Conclusions: Speckle imaging can be successfully used for the assessment of LV volumes and EF. Bull's-eye strain map, created by speckle imaging, can achieve an accurate real-time segmental wall motion analysis.

 






[1] LV = left ventricular ejection fraction

[2] EDV = end-diastolic volume

[3] ESV = end-systolic volume


October 2006
E. Kaluski, Z. Gabara, N. Uriel, O. Milo, M. Leitman, J. Weisfogel, V. Danicek, Z. Vered and G. Cotter
 Background: External counter-pulsation is a safe and effective method of alleviating angina pectoris, but the mechanism of benefit is not understood.

Objectives: To evaluate the safety and efficacy of external counter-pulsation therapy in heart failure patients.

Methods: Fifteen symptomatic heart failure patients (subsequent to optimal medical and device therapy) underwent 35 hourly sessions of ECPT[1] over a 7 week period. Before and after each ECPT session we performed pro-B-type natriuretic peptide and brachial artery function studies, administered a quality of life questionnaire, and assessed exercise tolerance and functional class.

Results: Baseline left ventricular ejection fraction was 28.1 ± 5.8%. ECPT was safe and well tolerated and resulted in a reduction in pro-BNP[2] levels (from 2245 ± 2149 pcg/ml to 1558 ± 1206 pcg/ml, P = 0.022). Exercise duration (Naughton protocol) improved (from 720 ± 389 to 893 ± 436 seconds, P = 0.0001), along with functional class (2.63 ± 0.6 vs. 1.93 ± 0.7, P = 0.023) and quality of life scores (54 ± 22 vs. 67 ± 23, P = 0.001). Nitroglycerine-mediated brachial vasodilatation increased (11.5 ± 7.3% vs. 15.6 ± 5.2%, P =0.049), as did brachial flow-mediated dilation (8.35 ± 6.0% vs. 11.37 ± 4.9%, P = 0.09).

Conclusions: ECPT is safe for symptomatic heart failure patients and is associated with functional and neurohormonal improvement. Larger long-term randomized studies with a control arm are needed to confirm these initial encouraging observations.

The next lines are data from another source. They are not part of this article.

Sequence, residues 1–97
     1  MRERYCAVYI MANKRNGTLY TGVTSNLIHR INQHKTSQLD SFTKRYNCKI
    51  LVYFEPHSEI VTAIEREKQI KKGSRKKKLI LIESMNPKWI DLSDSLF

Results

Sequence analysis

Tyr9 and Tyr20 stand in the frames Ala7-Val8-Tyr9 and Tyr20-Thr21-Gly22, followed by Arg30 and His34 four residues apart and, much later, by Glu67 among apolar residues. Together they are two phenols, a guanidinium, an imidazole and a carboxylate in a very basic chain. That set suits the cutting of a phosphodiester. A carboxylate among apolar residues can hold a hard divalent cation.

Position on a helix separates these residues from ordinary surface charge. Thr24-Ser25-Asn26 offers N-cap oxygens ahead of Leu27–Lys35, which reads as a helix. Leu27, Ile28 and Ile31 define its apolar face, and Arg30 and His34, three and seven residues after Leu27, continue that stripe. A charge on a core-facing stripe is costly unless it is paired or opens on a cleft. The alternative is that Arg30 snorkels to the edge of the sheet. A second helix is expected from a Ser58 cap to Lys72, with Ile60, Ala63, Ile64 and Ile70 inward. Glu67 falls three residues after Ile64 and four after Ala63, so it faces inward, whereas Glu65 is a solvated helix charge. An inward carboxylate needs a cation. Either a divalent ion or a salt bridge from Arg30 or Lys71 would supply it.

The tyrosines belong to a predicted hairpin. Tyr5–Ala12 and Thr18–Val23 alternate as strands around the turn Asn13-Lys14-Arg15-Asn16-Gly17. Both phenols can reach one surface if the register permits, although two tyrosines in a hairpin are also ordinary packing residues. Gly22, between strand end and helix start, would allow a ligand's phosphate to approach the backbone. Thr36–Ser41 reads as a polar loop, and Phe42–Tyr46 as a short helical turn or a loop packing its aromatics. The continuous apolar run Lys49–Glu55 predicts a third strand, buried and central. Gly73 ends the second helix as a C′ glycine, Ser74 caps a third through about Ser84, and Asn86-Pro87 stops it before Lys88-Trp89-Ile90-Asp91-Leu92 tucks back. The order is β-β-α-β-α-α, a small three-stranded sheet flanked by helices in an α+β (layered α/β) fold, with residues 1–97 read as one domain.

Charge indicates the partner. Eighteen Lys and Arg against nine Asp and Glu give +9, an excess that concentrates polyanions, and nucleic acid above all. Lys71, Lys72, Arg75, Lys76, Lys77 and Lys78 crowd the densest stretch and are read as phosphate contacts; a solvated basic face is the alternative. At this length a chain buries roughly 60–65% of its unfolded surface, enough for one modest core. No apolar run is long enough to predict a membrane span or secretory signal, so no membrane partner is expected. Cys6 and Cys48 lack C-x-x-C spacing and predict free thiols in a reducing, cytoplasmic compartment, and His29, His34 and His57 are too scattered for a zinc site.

[1] ECPT = external counter-pulsation therapy

[2] BNP = B-type natriuretic peptide


V.H. Eisenberg, D. Raveh, Y. Meislish, B. Rudensky, Y. Ezra, A. Samueloff, A.I. Eidelman and M.S. Schimmel
 Background: Previous assessments of maternal group B Streptococcus carrier rates in women delivering at Shaare Zedek Medical Center ranged between 3.5 and 11% with neonatal sepsis rates of 0.2–0.9/1000 live births. Because of low colonization and disease rates, routine prenatal cultures of GBS[1] were not recommended, and intrapartum prophylaxis was mainly based on maternal risk factors.

Objectives: To determine whether this policy is still applicable. 

Methods: We performed prospective sampling and follow-up of women admitted for labor and delivery between February 2002 and July 2002. Vaginal and rectal cultures were obtained before the first pelvic examination. GBS isolation was performed using selective broth medium, and identified by latex agglutination and serotyping. Demographic data were collected by means of a standardized questionnaire. Data on the newborns were collected throughout 2002.

Results: Of the 629 sampled women, 86 had a positive culture and a carrier rate of 13.7%. A borderline significantly higher carriage rate was observed among mothers of North American origin (21% vs. 13.1%, P = 0.048), and a higher attack rate in their infants (3.8/1000 compared with 0.5/1000 live births in our general maternal population, P = 0.002). Eight newborns had early-onset neonatal GBS sepsis (a rate of 0.8/1000 live births), but none of them benefited from intrapartum antibiotic prophylaxis.